Being able to see what's in Matlab's memory at a glance can be super helpful, especially when you are just learning to code. Indeed, many of the coding errors and bugs that we see in this class can be discovered by looking carefully at the Workspace.
We will see this window again when we define variables further down this document ...

The Current Folder

The current folder tells you the contents of the folder that Matlab is currently looking at. To figure out which directory that is, look at the line just above the three windows.
Screen Shot 2020-08-02 at 9.00.10 PM.png
This says that on my computer I'm in the folder NSCS344_BOB, which is inside the folder Dropbox, which is insider the folder bob, which is inside the folder Users. I don't currently have any files in that folder, so the Current Folder window is empty. That will change!

The Editor

The most important window of all is actually hidden when you first start up Matlab. This window is the Editor window and it's where you will write your code in a way that can be saved.
The easiest way to open up the Editor window is to click the "New Script" button at the top left of the toolbar. Doing that should pop open the Editor right in the middle of the screen (pushing the Command Window down to the bottom). This should give you a screen that looks something like this ...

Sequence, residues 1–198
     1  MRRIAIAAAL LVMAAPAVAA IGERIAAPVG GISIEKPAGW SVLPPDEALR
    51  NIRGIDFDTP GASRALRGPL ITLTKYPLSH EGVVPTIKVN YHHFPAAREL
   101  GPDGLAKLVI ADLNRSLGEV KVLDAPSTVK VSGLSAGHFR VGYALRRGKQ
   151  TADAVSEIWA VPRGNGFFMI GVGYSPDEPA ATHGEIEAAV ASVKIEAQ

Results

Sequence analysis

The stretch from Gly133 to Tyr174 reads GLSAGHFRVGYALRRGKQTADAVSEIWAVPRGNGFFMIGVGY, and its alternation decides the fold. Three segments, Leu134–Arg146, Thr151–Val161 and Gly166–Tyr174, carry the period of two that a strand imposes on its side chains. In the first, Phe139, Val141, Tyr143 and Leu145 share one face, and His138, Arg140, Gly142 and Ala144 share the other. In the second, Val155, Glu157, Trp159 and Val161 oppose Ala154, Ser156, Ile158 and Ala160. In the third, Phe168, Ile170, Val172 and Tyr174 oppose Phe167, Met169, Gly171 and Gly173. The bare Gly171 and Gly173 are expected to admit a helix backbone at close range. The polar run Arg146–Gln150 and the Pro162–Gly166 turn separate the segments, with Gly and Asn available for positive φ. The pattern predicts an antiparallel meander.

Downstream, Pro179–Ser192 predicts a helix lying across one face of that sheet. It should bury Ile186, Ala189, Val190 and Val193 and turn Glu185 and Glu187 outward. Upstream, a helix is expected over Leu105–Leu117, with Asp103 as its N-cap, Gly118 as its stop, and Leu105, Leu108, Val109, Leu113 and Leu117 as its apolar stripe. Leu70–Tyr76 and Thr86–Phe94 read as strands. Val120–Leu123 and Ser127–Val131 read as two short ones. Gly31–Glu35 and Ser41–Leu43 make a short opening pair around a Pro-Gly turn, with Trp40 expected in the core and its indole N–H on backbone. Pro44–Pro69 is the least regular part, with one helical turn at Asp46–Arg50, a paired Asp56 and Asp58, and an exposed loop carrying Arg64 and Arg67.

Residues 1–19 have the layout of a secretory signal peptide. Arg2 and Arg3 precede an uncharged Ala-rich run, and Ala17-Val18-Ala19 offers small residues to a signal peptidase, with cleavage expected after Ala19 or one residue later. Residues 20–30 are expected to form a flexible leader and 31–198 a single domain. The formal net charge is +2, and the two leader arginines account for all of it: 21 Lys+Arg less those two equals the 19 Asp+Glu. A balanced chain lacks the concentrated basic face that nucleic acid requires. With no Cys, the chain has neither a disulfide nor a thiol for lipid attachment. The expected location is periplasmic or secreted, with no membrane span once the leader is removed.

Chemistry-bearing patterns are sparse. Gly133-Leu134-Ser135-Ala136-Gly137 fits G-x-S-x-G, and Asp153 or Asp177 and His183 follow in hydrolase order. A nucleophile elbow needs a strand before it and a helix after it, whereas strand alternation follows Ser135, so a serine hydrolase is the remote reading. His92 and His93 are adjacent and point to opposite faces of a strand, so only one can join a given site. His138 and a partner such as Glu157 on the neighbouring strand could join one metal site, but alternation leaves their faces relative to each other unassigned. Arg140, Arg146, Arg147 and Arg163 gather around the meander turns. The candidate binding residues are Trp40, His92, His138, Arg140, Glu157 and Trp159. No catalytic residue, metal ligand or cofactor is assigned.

Screen Shot 2020-08-02 at 9.05.44 PM.png
The Editor is basically a word processor (like Microsoft Word or Google Docs) for code. Just like a word processor you can type code (and other text) into the Editor window and then save what you've typed as a file in a specific directory. Also like a word processor there's a kind of "code spelling checker" that puts red and orange squiggles on your code to let you know something might be wrong.

Writing a script

So now we've created an empty script let's write something in it. We will start by creating a variable or two before discussing how to clear the workspace.

Defining variables

A lot of what we are going to be doing with Matlab is creating variables, basically just letters that correspond to numbers (and, later on, other things like vectors, matrices, and strings of letters).